Madagascar's transitional President, Andry Rajoelina and his rival, ousted President Marc Ravalomanana and two other former presidents are scheduled to meet Wednesday in Mozambique.
The meeting forms part of fresh efforts by international mediators to jumpstart negotiations to find solutions to an ongoing political crisis.
Earlier, Rajoelina declined mediators' invitation to be part of negotiations with former President Ravalomanana, saying he will not negotiate with the masterminds of recent bomb attacks which left several people dead and scores injured.
He blames Ravalomanana supporters for carrying out the attacks. The Voice of America's Guilo Ramilison said that Malagasies are hopeful Wednesday's talks will end escalating tensions in Madagascar.
"All the political leaders, which means the four (president and three former leaders) of them would be there. All Malagasy people are expecting a lot from these talks in Mozambique," Ramilison said.
He said previous attempts at resolving the crisis failed.
"They have been trying to find solutions. From abroad they came here and had lots of meetings, but nothing happened since then. So we are expecting a lot from this meeting in Maputo," he said.
Ramilison said there is reason to believe that the transitional president was bluffing to gain advantage over his opponents during the talks.
"I think people have come to be more clever and like everybody say, in negotiations sometimes you say no just because you want to get more. But I think everybody understands that they should come to a round table and talk about the situation, which is getting worse and worse," Ramilison said.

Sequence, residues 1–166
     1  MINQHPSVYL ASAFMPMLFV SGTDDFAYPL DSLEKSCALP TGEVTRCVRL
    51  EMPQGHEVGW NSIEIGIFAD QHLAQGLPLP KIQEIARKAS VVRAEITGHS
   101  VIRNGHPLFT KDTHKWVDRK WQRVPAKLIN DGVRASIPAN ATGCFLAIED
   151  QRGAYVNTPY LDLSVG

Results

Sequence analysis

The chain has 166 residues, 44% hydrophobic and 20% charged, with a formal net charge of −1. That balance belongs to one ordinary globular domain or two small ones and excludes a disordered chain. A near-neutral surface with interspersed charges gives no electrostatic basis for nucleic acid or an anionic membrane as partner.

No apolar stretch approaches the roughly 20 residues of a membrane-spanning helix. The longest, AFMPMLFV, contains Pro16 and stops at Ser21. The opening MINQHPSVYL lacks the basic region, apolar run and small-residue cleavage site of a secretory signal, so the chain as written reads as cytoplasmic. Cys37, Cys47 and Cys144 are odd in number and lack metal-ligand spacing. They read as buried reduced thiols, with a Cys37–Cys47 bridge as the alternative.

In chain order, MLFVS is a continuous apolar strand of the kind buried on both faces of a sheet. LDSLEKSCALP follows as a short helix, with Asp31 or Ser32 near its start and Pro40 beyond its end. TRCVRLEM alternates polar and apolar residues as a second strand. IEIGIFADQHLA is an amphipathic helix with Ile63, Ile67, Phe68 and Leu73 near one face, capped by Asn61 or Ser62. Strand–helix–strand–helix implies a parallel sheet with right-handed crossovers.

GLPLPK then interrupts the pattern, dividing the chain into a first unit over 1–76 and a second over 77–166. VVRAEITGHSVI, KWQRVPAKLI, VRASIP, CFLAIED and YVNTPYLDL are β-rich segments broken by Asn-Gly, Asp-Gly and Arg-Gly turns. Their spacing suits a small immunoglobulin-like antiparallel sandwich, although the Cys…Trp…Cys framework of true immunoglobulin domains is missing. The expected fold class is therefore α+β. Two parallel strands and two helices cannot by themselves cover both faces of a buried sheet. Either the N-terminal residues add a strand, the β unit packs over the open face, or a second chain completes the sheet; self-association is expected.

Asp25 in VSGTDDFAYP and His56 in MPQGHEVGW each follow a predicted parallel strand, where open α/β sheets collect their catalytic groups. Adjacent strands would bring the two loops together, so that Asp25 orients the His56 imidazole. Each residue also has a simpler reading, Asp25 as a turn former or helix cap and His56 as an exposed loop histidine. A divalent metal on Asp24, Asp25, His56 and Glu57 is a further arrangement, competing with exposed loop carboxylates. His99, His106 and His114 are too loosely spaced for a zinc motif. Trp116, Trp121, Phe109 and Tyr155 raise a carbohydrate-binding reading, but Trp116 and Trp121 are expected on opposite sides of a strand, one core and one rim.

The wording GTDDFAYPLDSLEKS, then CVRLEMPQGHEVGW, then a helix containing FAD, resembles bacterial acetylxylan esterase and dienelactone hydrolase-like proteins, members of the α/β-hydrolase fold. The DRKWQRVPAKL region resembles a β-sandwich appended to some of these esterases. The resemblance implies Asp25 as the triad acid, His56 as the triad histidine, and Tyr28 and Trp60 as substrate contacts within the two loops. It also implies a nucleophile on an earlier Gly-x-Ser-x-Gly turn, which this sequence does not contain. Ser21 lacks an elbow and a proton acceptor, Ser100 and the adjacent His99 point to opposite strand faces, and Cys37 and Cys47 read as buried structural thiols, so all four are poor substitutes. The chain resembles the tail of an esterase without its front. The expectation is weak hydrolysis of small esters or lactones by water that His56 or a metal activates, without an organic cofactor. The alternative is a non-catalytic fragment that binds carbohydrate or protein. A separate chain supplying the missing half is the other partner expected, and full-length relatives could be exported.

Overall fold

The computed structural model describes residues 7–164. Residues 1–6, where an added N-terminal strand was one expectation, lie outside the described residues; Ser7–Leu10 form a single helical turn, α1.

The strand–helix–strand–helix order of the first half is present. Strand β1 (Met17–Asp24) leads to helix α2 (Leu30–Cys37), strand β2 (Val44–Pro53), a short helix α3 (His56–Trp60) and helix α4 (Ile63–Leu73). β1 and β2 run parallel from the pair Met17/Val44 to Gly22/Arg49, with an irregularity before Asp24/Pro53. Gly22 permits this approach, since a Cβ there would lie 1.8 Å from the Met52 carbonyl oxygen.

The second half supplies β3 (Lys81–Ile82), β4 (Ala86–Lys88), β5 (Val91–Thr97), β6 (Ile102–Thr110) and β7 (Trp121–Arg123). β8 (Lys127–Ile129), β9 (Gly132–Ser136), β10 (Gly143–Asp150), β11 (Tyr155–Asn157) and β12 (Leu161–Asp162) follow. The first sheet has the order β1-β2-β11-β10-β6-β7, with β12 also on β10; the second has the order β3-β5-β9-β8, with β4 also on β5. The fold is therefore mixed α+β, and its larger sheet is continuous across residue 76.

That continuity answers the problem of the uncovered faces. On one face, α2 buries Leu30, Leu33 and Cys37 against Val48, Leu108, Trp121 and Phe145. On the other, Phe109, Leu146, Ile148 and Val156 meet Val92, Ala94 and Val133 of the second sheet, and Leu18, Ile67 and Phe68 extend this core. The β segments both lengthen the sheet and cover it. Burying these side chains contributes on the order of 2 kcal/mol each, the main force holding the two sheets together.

Before leaving for Mozambique, Rajoelina reportedly said he was attending the talks to try to end the violence and restore peace to Madagascar.
Ramilison said Rajoelina's change of mind could be attributed to the sudden end of recent bomb attacks.
"I think the bombers stopped before the talks, so everybody is on the right track now," Ramilison said.
He described as bizarre the current escalating political stalemate.
"You see, the crisis in Madagascar is a very strange one because we started with some kind of rebellion in February and we ended up with the president (Ravalomanana) resigning. But since then nothing has really moved on the political side," he said.
The political crisis in Madagascar deepened after former President Ravalomanana was allegedly forced to resign after months of opposition protests.
Former opposition leader Rajoelina ascended to power after Ravalomanana's resignation, a move widely condemned by the international community as a coup d'état.